Sectionalism is a time period in American history prior to the Civil War when the country became increasingly divided between the agricultural pro-slavery South and the industrial North. As sectional tension increased, the nation found itself at a crossroads with the election of Abraham Lincoln in 1860. Lincoln’s beliefs about slavery made his election intolerable to several southern states, resulting in seven of them seceding from the union to form the Confederate States of America. When shots were fired at Fort Sumter, South Carolina, April 1861, four more states seceded, and the Civil War began. For four years the nation was divided as the North fought the South. The war finally ended in April of 1865 with the South’s defeat and surrender. The challenge now was how to rebuild the nation.
Abraham Lincoln taught himself the law by reading Blackstone’s Commentaries on the Laws of England. He served in the Illinois House of Representatives and in 1846 was elected to U.S. Congress. He served one term in the U.S. House of Representatives before returning to his law practice. Lincoln’s concerns about the Kansas-Nebraska Act lured him back into politics. Lincoln challenged its sponsor, Stephen Douglas, in the 1858 race for the Senate. Lincoln lost the election but his performance in debates with Douglas gained him national attention. In 1860 he was elected President of the United States. Upon his election, seven southern states seceded from the Union, and others followed suit. In his First Inaugural Address, he argued that secession was not proper under the Constitution. He cited the Articles of Confederation as creating a “perpetual Union,” furthered by the Preamble’s goal of a “more perfect Union.” After the fighting began, Lincoln called for the suspension of writs of habeas corpus. This meant rebel fighters could be arrested and held without trial. The case of ex parte Milligan addressed the constitutionality of the suspension of habeas corpus. As the war continued, Lincoln consulted with Frederick Douglass about conditions faced by Army soldiers. He issued the Emancipation Proclamation in 1863 announcing that slaves in rebelling states were free and that the Union Army would enforce their freedom. Later that year Lincoln delivered the Gettysburg Address, invoking the spirit of the Declaration of Independence and its promise of equality. At his Second Inaugural Address in March of 1865, the war was coming to an end. Lincoln urged his countrymen to “bind up the nation’s wounds” and called the war God’s punishment to a country that tolerated the evil of slavery. When the Confederate capital of Richmond was captured, Lincoln made the symbolic gesture of sitting at Jefferson Davis‘ desk. Five days after General Robert E. Lee’s surrender in April of 1865, Lincoln was assassinated. His Vice President Andrew Johnson assumed the presidency. Later that year, the Thirteenth Amendment was ratified, abolishing slavery throughout the nation.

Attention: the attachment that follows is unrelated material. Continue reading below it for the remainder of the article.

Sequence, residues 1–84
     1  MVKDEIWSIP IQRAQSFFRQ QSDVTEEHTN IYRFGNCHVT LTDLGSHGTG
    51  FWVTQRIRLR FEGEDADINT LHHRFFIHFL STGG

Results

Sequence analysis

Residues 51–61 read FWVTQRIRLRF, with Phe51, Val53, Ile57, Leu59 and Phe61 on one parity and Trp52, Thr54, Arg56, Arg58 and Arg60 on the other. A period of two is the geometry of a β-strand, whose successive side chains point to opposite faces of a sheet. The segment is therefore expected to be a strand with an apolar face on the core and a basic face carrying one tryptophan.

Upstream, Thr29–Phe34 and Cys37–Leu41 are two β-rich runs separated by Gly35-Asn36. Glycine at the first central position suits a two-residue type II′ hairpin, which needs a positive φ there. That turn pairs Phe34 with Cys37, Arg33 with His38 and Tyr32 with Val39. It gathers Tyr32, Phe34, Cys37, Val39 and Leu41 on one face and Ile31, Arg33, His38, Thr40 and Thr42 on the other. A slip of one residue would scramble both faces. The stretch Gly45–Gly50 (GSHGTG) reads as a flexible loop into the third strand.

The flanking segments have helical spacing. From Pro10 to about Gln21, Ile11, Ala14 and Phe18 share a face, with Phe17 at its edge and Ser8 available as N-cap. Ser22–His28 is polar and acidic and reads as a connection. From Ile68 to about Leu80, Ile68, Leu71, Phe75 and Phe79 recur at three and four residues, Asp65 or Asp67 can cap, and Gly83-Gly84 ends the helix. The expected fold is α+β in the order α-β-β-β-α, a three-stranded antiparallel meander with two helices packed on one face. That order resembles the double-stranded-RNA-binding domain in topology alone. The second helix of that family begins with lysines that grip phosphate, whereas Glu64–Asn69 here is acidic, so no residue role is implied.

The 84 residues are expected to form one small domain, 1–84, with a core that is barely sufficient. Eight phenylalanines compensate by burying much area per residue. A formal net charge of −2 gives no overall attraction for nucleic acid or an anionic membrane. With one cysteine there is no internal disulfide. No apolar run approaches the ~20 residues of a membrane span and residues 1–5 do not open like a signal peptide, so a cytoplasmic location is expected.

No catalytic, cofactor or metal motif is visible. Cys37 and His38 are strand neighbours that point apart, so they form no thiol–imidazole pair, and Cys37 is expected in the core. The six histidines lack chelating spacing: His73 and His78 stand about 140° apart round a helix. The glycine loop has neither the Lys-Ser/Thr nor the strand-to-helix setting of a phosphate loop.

Documents/Supreme Court Cases
President Abraham Lincoln delivered his Gettysburg Address on November 19, 1863 in a short speech at the dedication of Soldiers’ National Cemetery in Gettysburg, Pennsylvania a few months after Union forces defeated Confederate forces at the Battle of Gettysburg. Lincoln defined the Civil War as a way of securing the Declaration of Independence’s promise of equality of all people. Victory for the Union, Lincoln said, was a way of making the country’s founding ideals a reality. The speech transformed the meaning of the Civil War, which had previously been about preserving the Union, and compelled a rethinking of the meaning of America’s Founding documents. Lincoln began his address with these words: “Four score and seven years ago, our fathers brought forth on this continent, a new nation, conceived in liberty, and dedicated to the proposition that all men are created equal.’ He concluded the Address by saying: “It is for us to be here dedicated to the great task remaining before us – that from these honored dead we take increased devotion to that cause for which they gave the last full measure of devotion – that we here highly resolve that these dead shall not have died in vain – that this nation, under God, shall have a new birth of freedom – and that government of the people, by the people, for the people, shall not perish from the earth.”